About halfway through her performance at the Sprint Center on Tuesday, Demi Lovato delivered a sermon, a message about survival, forgiveness, gratitude and empowerment.
“Leave your past in the past,” said Lovato, 22, who has conquered some well-publicized demons and addictions. Then, sitting at a grand piano, she performed “Warrior,” an anthem about recovery and resolve.
It was a rare moment of tranquility in a 80-minute performance that was otherwise loud, brash and dynamic before a crowd of more than 9,000 fans. Many of them were preteen and teenage girls who couldn’t contain their screams and squeals for a performer who has been in the limelight since she was a 7-year-old cast member on “Barney and Friends.” She has since starred in a Disney Channel sitcom and served as a judge on the reality show “The X Factor.”
Lovato is touring on her fourth studio album, “Demi,” released in May 2013. Like its predecessors, it is chock full of big pop/disco anthems that give Lovato a chance to unleash her powerful mezzo-soporano voice, which bears more than a slight resemblance to Kelly Clarkson’s and Pink’s. She had plenty of help, including a four-piece band, four acrobatic dancers, two background singers, a busy light show, video screens and occasional wafts and bursts of smoke.
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The setlist focused heavily on the “Demi” album -- seven of its 13 tracks -- including “Really Don’t Care,” which shares some identical traits with “Shadows of the Night” by Pat Benatar, another singer with a siren voice. But it also visited her early albums, even her 6-year-old debut, “Don’t Forget.” She would play three of those songs, including “La La Land,” a fan request.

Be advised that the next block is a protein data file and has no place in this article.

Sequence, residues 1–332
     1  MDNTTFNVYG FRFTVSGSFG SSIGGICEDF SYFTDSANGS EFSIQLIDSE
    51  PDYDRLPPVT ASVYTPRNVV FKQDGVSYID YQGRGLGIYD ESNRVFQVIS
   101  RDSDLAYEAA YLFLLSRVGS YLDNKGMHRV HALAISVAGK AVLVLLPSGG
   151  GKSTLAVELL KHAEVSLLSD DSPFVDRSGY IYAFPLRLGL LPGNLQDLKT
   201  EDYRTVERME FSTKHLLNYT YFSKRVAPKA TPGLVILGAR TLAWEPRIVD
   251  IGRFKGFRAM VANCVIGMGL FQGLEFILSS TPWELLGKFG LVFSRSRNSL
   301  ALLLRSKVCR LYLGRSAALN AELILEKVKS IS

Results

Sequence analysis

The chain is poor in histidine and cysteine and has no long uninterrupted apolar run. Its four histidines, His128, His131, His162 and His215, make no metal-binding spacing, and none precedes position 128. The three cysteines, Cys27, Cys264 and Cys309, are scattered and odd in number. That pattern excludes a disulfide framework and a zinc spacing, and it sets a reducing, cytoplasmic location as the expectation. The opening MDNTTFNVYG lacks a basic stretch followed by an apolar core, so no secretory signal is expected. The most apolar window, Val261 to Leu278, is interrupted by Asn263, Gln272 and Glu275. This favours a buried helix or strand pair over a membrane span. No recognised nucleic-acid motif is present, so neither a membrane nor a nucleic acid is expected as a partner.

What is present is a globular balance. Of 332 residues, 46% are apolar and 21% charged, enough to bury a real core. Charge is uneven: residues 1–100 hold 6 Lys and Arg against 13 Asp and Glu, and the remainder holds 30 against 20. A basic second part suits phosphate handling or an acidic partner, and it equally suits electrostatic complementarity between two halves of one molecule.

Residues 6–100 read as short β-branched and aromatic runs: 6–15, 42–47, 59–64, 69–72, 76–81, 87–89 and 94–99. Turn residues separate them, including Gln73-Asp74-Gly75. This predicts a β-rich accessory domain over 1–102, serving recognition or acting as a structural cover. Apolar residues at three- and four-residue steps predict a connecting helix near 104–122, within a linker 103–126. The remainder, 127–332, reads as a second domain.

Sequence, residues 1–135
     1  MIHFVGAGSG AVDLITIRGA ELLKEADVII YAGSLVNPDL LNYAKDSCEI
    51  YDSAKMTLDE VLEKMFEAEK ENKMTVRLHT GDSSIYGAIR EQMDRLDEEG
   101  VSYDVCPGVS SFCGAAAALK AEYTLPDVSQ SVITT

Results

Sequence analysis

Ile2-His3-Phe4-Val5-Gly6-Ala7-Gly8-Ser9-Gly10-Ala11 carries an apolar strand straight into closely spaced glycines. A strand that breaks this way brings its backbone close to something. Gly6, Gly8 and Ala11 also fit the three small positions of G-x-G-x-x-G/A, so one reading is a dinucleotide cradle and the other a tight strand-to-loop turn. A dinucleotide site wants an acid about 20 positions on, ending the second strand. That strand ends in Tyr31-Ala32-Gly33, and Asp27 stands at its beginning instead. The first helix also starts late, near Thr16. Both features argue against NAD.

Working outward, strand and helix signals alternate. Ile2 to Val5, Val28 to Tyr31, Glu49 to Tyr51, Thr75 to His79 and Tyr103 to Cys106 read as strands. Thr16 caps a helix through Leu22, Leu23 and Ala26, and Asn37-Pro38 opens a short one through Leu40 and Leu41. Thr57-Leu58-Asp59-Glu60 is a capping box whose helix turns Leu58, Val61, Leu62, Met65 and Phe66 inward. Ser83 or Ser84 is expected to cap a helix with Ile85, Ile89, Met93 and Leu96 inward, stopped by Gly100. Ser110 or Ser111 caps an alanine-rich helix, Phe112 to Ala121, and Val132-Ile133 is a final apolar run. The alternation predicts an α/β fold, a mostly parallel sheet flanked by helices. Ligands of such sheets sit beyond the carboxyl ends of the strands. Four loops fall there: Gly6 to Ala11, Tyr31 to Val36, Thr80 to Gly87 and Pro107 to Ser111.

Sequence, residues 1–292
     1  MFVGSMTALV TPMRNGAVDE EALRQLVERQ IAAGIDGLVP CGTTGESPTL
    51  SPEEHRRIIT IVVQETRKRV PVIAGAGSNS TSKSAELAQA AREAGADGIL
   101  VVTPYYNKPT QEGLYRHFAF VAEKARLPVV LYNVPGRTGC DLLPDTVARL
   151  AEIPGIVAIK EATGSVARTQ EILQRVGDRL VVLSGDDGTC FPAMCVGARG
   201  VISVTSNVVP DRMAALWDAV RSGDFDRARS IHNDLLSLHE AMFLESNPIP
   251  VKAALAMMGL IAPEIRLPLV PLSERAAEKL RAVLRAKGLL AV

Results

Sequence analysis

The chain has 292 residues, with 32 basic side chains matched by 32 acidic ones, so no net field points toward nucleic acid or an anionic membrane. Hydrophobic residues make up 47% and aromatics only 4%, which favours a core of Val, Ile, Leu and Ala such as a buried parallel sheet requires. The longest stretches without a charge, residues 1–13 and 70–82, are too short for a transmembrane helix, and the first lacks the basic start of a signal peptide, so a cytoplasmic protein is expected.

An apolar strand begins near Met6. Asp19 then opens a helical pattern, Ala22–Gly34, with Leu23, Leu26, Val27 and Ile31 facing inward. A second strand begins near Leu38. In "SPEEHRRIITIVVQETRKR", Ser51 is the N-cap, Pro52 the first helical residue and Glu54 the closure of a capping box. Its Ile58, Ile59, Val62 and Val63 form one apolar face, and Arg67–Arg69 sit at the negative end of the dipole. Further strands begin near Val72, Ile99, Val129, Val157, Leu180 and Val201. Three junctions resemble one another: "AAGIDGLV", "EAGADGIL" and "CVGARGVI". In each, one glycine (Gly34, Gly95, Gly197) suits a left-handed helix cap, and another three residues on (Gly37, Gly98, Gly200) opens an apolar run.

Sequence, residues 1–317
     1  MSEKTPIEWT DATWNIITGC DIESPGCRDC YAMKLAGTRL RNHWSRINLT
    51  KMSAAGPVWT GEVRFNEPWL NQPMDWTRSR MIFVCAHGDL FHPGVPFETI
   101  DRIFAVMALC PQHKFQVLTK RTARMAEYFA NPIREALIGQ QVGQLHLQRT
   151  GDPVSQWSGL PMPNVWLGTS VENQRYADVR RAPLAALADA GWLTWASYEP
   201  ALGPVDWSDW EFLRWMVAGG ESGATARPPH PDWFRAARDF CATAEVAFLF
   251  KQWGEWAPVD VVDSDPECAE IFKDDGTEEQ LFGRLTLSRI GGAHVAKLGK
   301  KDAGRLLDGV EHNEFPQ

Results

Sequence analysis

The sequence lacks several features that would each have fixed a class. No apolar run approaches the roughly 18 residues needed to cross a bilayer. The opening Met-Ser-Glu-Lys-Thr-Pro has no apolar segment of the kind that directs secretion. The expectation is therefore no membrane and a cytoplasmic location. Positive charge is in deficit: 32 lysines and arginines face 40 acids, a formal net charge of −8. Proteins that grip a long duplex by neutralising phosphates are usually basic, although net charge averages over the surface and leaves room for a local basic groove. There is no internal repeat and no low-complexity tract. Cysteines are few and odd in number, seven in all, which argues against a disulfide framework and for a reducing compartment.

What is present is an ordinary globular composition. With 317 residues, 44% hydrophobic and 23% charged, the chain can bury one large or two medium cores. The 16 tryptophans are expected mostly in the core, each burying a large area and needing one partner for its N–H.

It all blended seamlessly as she and her troupe vaulted from one high-octane, skyscraping anthem to the next. Lovato isn’t the most polished dancer, so she kept her choreography understated, when stated at all. But she kept the energy flowing on stage, and when she wanted to deliver a big moment, she uncorked that voice, which can reach the rafters effortlessly. She also tapped into a stage personae that knows how to make a crowd feel special. “I’m going to talk to you because I want a connection between us,” she said. Mission accomplished.
Highlights: the jackhammer “Remember December,” which has some head-banging pop metal in its bones, the frenetic “Heart Attack” and the ballad “My Love is Like a Star.” Lovato and her dancers also executed a cover of Michael Jackson’s “Thriller” that did nothing to eclipse or improve on the original.
She ended with the flashy dance tune, “Neon Lights,” the song that gave her tour its name. But before that, she sang “Give Your Heart a Break,” another warm gust of encouragement and solace and an appeal to look forward, not back, and take chances, something she has learned and lived.
Christina Perri was one of three openers, and the one that most deserves mention. Her music evokes comparisons to Sarah McLachlan, Sara Bareilles and, at times, Katy Perry. Her set included her first hit, “Jar of Hearts,” and “Be My Forever.”
Before Perri’s set, the crowd listened intently to motivational speaker Spencer West, who lost both of his legs to a genetic spinal disorder, but who nonetheless has achieved some spectacular feats, including a climb of Mt. Kilimanjaro. He also told the crowd about a trip to East Africa he shared with Lovato with the group Free the Children, which aims to empower youth.
Really Don’t Care; The Middle; Fire Starter; Remember December; Heart Attack; My Love Is Like a Star; Don’t Forget; Catch Me; La La Land; Let It Go; Warrior; Two Pieces; Thriller; Got Dynamite; Nightingale; Skyscraper; Give Your Heart a Break; Neon Lights.